Some Place Simple

Studio Album by released in 2010

Some Place Simple review

Attention to Martina Topley Bird!

One of trip-hop pioneers Tricky would probably not be such a success if it were not for Martina Topley Bird. This girl with a soft velvet voice got acquainted with the artist herself, the two soon had a daughter who is already 15 now, but Martina’s debut solo album Quixotic was released only in 2003. The album produced by Tricky once again turned out to be a good start for the singer, and the sophomore effort The Blue God released two years ago left no doubt in Topley Bird’s talent. Nevertheless many critics thought then that producer Danger Mouse’s arrangements on quite a number of tracks sounded too obtrusive and distracted the attention from the vocalists. Therefore her new creation Some Place Simple is surely going to be better than both of its predecessors in this respect. The album is a collection of songs from both of Martina Topley Bird’s albums performed with the accompaniment of live instruments on which the singer herself and her percussionist Ninja are playing.

Soft and gentle music on Some Place Simple

Whichever song from the album Some Place Simple you play it is going to be soft, gentle, with minimalist instrumental background: an acoustic guitar and percussion as well as some exotic ‘toys’, for instance, marimba (an African variant of xylophone) and ukulele (Hawaiian four-stringed instrument). The record gives an idea of what Martina’s songs were like initially before the beats, samples and various effects were put on them. The album opens with the song Baby Blue, vulnerable, soft and very romantic love ballad. No less nice are Phoenix, Lying and Da Da Da. The track Poison is built on such a contagious ethnic beat that you will hardly make it stay seated at one place listening to it whereas the hit Sandpaper Kisses has resulted to be no less sensual and stylish than it was on the debut album. The singer’s vocal skills can be estimated on an almost a cappella number Ilyah, undoubtedly one of the most soulful moments on the record. The composition Valentine has also preserved its rippled flowing sounding, and the drums practically are the principal accompaniment to Martina’s energetic vocals on Too Tuff To Die. A very gentle and melodious song Kiss Kiss Kiss, lasting one minute sharp also makes one think of vulnerability and yet is filled with a romantic mood, and the album closer Harpsichord Kiss, a song with no words, performed on a children’s toy – harpsichord that the singer has borrowed from her daughter.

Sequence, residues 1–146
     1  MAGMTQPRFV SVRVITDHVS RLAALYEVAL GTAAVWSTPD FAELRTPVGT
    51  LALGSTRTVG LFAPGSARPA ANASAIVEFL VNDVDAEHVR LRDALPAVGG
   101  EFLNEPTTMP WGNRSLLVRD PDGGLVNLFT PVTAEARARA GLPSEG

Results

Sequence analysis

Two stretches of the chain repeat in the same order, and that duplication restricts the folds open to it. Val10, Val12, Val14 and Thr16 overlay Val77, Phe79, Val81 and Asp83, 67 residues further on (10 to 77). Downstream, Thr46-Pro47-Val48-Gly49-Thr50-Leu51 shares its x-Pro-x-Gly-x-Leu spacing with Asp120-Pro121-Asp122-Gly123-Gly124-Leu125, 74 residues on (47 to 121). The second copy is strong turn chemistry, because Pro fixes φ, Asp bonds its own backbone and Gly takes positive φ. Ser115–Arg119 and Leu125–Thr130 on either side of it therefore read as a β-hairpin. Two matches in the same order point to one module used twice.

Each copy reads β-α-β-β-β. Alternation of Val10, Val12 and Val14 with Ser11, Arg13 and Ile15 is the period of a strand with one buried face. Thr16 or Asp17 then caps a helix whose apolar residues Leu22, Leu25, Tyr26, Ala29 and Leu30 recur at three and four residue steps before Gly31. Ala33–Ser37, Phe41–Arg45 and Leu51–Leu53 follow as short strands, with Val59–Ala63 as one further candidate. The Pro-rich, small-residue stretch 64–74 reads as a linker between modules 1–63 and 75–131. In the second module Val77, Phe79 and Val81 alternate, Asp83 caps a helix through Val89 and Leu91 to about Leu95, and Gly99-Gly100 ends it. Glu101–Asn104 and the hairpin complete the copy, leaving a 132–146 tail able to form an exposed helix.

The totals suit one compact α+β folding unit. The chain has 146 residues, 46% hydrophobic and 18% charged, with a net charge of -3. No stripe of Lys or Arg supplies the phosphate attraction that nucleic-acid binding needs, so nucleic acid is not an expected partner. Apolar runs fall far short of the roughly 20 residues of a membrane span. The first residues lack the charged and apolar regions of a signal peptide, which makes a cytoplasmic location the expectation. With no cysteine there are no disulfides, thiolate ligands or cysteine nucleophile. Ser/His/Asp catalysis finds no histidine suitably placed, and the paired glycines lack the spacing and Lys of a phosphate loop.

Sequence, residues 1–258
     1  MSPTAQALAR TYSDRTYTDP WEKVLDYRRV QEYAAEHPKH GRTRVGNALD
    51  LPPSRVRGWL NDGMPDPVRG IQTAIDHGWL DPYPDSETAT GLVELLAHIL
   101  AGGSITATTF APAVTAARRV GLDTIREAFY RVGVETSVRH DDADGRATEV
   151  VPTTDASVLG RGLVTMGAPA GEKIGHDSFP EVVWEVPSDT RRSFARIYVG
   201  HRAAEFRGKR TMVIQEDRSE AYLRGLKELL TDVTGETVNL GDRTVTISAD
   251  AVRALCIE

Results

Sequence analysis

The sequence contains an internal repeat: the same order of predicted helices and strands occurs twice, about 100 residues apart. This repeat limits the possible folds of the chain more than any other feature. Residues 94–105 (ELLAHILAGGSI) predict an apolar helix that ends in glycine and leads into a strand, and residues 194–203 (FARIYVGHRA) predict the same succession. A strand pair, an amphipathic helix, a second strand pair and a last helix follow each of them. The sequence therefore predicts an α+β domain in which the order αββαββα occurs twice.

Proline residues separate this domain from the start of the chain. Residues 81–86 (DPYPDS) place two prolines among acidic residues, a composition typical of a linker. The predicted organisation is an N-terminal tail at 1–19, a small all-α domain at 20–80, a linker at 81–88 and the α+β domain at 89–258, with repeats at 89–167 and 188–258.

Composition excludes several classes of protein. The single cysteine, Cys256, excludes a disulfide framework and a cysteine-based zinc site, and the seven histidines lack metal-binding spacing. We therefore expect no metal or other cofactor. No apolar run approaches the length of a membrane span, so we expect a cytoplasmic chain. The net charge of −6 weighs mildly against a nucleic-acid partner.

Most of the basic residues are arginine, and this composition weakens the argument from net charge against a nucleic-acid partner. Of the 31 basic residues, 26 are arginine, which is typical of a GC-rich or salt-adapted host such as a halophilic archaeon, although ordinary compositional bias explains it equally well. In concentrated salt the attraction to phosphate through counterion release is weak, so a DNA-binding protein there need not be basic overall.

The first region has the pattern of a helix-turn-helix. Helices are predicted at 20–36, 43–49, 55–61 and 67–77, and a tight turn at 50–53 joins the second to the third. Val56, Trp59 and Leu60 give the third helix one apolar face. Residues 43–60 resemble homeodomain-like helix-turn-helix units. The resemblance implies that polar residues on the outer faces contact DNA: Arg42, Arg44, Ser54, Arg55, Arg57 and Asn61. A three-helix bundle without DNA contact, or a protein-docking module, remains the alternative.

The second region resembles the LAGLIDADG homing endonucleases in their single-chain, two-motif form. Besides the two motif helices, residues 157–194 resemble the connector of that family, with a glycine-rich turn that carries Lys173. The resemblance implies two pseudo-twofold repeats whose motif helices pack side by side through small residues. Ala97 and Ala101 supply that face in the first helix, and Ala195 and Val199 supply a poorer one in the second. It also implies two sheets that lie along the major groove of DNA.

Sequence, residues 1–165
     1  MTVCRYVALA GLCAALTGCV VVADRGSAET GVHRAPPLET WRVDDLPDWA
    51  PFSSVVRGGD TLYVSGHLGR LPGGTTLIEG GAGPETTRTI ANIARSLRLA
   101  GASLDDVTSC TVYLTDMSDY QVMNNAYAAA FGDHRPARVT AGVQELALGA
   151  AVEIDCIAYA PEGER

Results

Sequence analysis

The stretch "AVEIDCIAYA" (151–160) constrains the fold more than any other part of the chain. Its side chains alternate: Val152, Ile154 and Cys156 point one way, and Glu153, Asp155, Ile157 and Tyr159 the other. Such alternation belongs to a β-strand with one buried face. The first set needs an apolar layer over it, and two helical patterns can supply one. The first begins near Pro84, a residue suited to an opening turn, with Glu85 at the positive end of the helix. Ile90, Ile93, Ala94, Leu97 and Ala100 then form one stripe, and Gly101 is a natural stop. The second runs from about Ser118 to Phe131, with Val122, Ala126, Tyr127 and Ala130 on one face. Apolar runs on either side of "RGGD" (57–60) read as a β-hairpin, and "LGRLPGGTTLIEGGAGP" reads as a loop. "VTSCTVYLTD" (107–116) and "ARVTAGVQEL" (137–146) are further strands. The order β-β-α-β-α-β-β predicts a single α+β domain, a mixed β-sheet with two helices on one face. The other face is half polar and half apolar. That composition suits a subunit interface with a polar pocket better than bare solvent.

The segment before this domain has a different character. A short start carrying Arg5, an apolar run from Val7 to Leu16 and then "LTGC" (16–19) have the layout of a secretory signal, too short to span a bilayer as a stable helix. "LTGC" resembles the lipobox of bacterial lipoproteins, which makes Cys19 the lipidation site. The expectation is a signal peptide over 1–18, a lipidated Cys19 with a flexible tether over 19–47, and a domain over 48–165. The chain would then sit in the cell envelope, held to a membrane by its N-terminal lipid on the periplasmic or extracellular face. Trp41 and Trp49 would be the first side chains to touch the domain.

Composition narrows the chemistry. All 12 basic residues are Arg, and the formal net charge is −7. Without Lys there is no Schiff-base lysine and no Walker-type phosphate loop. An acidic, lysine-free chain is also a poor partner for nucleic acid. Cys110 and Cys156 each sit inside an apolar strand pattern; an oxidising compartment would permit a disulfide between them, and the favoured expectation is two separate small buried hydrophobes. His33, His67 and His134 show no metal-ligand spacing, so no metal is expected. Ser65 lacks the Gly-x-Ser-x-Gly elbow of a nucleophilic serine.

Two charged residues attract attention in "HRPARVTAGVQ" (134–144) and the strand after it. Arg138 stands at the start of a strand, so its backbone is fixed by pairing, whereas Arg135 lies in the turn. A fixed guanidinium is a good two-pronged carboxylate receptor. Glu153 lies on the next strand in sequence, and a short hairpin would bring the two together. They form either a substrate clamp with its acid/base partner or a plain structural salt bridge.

Marvelous simplicity, openness, vulnerability

The album Some Place Simple is 15 compositions, lasting a bit more than 36 minutes, and utterly unobtrusive, fresh, clean and light music. The story behind the album is as simple as it is itself. Damon Alborn has heard practically by occasion Martina playing and singing her songs, and him and some other friends expressed the idea that an entire record would be nice to make in such a key. He offered her his studio and his own label Honest Jons for the album’s release. Wonderfully, after being in trip-hop, after the release of her pop album, even not the most standard pop one, Martina Topley Bird releases her most ‘naked’ work, devoid of any production. It is exactly the one that pretends to be her best creation so far. The material pleases with marvelous simplicity, openness, vulnerability – Martina’s music has always been like that, actually, but it could not be heard under other layers. Today the singer travels around Europe and Asia as a guest vocalist with Massive Attack on its tour performing with the band on the concerts and plans to take part in a couple of new projects. Therefore the album Some Place Simple is a kind of a summarizing bridge across Martina Topley Bird’s past and future.